In essence, there are a lot of factors that come with fibromyalgia that can make osteoarthritis worse, when compared to individuals without it. One such factor is sleep disturbances. It is well documented that with sleep disturbances and lack of sleep, comes an increase in pain. For those with Fibromyalgia, getting a good, restful night’s sleep can be somewhat of a challenge due to pain. Meaning that it has the potential to create a breeding ground for worsening the symptoms of not just fibromyalgia pain, but also the pain of Osteoarthritis.

With chronic pain, also comes the prevalence of mental health issues, which can also make symptoms worse. It is well established that mental health issues can be a large driving force behind chronic pain. And for those with Fibromyalgia, they may be more prone to experiencing pain with Osteoarthritis, whereas those without fibromyalgia may likely not even notice these degenerative changes.

 


What treatments help Fibromyalgia and Osteoarthritis?

We have taken a look at what Osteoarthritis is, how it’s caused, and how Fibromyalgia may affect it. All that is left now is to look at some of the things that can help you when it comes to Fibromyalgia and Osteoarthritis.

 

Massage
It has been shown that massage can be particularly effective at lowering pain in osteoarthritis and Fibromyalgia. An analysis of 9 studies found that massage helped to improve pain, anxiety, and depression associated with Fibromyalgia.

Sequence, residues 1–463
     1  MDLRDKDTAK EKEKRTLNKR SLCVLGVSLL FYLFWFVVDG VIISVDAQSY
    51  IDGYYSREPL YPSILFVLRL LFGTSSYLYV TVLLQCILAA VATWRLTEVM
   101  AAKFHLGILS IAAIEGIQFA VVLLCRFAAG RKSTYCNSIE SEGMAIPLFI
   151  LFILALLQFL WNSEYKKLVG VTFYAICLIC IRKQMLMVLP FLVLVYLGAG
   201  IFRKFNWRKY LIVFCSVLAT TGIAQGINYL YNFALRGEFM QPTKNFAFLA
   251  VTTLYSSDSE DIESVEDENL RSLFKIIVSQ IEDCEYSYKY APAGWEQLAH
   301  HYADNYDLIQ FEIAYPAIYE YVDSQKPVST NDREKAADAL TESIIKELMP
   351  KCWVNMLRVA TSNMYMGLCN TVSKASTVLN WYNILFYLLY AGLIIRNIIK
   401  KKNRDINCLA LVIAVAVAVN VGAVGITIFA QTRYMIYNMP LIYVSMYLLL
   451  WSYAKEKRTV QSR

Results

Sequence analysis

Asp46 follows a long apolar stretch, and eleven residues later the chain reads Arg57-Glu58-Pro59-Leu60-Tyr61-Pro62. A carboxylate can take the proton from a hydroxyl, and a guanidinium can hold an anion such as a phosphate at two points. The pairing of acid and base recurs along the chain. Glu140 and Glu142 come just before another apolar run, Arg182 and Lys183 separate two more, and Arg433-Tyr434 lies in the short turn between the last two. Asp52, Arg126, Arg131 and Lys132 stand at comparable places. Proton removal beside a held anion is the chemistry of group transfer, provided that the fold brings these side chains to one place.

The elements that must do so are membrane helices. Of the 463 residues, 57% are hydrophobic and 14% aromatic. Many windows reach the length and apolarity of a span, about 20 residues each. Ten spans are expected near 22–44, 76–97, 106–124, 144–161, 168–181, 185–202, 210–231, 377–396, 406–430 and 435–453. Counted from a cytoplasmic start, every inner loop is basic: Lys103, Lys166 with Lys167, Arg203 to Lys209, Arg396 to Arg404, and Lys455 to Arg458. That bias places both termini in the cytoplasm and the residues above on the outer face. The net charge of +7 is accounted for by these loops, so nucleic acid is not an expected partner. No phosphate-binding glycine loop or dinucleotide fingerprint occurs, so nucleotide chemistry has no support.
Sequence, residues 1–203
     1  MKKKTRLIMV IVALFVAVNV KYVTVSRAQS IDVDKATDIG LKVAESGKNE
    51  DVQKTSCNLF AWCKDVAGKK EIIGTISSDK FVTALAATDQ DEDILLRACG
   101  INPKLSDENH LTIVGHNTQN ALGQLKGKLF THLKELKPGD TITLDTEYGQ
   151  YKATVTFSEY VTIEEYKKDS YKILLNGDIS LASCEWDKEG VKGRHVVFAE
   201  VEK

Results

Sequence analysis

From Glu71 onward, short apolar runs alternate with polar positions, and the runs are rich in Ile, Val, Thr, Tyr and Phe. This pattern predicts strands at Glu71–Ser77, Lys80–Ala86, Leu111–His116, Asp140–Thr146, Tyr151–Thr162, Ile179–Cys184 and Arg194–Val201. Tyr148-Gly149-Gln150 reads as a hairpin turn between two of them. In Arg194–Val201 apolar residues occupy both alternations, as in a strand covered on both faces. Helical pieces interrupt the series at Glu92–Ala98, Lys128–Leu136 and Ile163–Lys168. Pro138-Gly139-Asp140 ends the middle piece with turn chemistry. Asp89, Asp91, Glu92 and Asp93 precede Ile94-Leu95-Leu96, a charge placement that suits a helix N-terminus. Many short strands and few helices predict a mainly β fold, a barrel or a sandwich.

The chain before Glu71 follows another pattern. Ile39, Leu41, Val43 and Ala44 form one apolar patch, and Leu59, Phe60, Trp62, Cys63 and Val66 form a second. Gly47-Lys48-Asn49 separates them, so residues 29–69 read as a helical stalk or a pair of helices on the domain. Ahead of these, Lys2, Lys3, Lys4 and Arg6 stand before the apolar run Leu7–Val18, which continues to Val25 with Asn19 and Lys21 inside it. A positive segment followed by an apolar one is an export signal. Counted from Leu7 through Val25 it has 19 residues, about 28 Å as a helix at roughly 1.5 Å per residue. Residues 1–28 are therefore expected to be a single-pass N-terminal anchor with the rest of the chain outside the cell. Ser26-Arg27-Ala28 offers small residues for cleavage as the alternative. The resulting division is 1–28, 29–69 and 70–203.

Gentle aerobic exercise
This has shown benefits for Fibromyalgia and osteoarthritis. And both studies showed a reduction in pain.

Stay hydrated
It is estimated that around 70% of your cartilage is made up of water, and when we are dehydrated this is going to affect the joints, as the more lubricated a joint is, the less friction there will be. This is important when we remember the studies into those with Fibromyalgia being more sensitive to noxious stimuli. We want to reduce the amount of noxious stimulus coming into the nervous system.

Cold showers
The benefits of cold showing with Fibromyalgia can be found in a comprehensive blog post we wrote, which you can find here. The benefits of cold showering with Osteoarthritis can help by reducing pain, decreasing swelling, and constricting blood vessels.

 

We hope the above has helped to answer the questions you have about Fibromyalgia and Osteoarthritis, and we wish you the best of luck on your journey.

Until next time friends.

—The Fibro Guy Team—


 

Work with us on your mobility problems


Looking for more articles on Fibromyalgia?

Read our article on Fibromyalgia And Costochondritis